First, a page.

So in the end, the choice between single origin and blends is not a battle of superiority, but a matter of personal preference. Are you more intrigued by the bean's journey from soil to first sip, or do you prefer exploring the roasting artistry of a skilled blend?

When it comes to how you enjoy coffee, there’s no right or wrong, better or worse. Your coffee ritual is intrinsically personal. And regardless of your inclinations, there’s a brew out there poised to delight your palate.

How origin impacts the taste of coffee

As any coffee aficionado would be happy to tell you, even the tiniest alteration in coffee preparation can dramatically transform the final taste. The same principle applies to single origin coffee itself, with the final flavor impacted by the soil it grew in, its life cycle as fruit, and how it was harvested and washed.

Let's delve into some key factors from the bean's origin that contribute to its unique flavor profile:

● Soil composition – Every soil type imparts its unique minerals and acidity levels to the bean. Coffee from volcanic terrains like Java, Indonesia inherits a rich, earthy flavor with a touch of alkaline smoothness. On the flip side, the acidic soils of Kenya produce beans renowned for their wine-esque sharpness.

● Altitude – The Ethiopian highlands, perched at lofty altitudes, gift their beans with tart acidity, delicate floral undertones, and intense aromatics. Meanwhile, single origin coffee beans cultivated in lower altitudes, as seen in regions of Brazil, tend to lean toward nutty hints accompanied by a more robust body.

● Climate and weather – Temperature and rainfall can affect the flavor of beans, and regions with defined wet and dry seasons, like Colombia, can produce specialty coffee with distinct seasonal flavors depending on the time of year.

● Shade and sun – The balance of shade and sun can shape the taste of coffee cherries. In Central America, shade-grown beans take their time to mature, accumulating sugars that translate to a sweeter, more pronounced cup. Direct sunlight, on the other hand, tends to give the coffee a more robust intensity.

● Natural chemical reactions – Coffee is a byproduct of nature’s own alchemy, supported by a myriad of microorganisms and invisible processes that can affect its profile. Some coffee processors are even experimenting with methods such as altering oxygen levels in the coffee cherries to tweak flavors to their specifications.

These are just a few of the natural factors involved in specialty coffee’s development. The coffee plant species and variety will also inject a distinct character, such as a vibrant Bourbon or the elite Gesha.

Beyond such environmental elements, another major influence on the final taste of single source coffee beans is their processing. While many farms harbor their bespoke processing traditions, there are three widely recognized methods that can profoundly alter the coffee's taste:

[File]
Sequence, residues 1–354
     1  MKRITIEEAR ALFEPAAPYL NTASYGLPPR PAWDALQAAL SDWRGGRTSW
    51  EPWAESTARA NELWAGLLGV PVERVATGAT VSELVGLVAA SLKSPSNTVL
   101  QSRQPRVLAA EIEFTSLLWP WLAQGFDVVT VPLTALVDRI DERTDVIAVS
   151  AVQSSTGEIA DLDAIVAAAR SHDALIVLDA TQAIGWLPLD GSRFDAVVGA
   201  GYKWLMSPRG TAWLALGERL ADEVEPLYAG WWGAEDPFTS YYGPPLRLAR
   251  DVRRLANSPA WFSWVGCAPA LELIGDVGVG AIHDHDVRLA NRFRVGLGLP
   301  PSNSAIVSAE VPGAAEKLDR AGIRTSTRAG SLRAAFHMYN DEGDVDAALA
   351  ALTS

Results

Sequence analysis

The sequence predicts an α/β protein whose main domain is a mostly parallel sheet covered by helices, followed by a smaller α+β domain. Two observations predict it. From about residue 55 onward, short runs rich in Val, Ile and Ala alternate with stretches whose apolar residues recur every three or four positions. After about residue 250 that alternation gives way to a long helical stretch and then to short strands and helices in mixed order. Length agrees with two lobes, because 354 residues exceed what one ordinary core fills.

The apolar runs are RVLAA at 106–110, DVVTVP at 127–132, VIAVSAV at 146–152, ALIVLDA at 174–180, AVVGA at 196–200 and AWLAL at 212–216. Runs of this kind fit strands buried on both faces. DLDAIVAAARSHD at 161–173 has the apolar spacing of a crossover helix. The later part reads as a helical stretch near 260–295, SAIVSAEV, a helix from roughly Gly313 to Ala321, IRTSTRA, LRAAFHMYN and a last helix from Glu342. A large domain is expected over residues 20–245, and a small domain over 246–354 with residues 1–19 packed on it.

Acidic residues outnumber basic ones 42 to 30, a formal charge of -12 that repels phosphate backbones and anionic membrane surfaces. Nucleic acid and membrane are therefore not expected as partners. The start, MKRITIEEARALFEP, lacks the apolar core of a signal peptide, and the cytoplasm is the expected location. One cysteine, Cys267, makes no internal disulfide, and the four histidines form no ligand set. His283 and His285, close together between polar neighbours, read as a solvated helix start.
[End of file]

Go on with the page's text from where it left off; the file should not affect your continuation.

● Wet processing (washed method) – This is the most common method. With wet processing, coffee beans are thoroughly washed to remove fruity remnants after being de-pulped. This often yields coffee with a crisp, uncluttered profile.

● Natural processing (sun dried method) – This ancient technique, a favorite among Yemeni farmers, involves sun-drying and fermenting the coffee cherries prior to milling. The resulting beans offer fruity, wine-like undertones.

● Honey processing (pulp natural method) – A midpoint between natural and wet processing, honey-processed beans are stripped of their fruit but retain their mucilage. As fermentation occurs, this 'honey'—varying from white and yellow to red and black—infuses its essence into the bean, introducing flavor notes that range from a gentle tang to a robust fruity burst.

From the manner in which a bean is nurtured to the way it's processed, every step infuses it with a distinct essence. And we've merely touched the tip of the iceberg.

So, the next time you take a sip from that steaming cup, remember you're not just tasting coffee—you’re experiencing the culmination of geographical, climatic, and cultural factors from faraway lands. Such is the magic of single origin coffee.

See related: How to Store Coffee Beans

Journey from bean to cup, with Breville

At Breville, we understand the nuances that make each brew unique. That’s why we offer a range of products designed to honor, elevate, and bring out the most of these individual taste profiles, ensuring each cup you craft is a perfect reflection of its origin. 

If you’re ready to elevate your coffee experience, explore our line of top-quality coffee machines and accessories today. 



1. Perfect Daily Grind. Experimental coffee processing in Panama.

2. Perfect Daily Grind. Everything You Need to Know About Single Origin Coffees.

3. One Village Coffee. Three Coffee Processing Methods.

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Single origin coffee: How location affects taste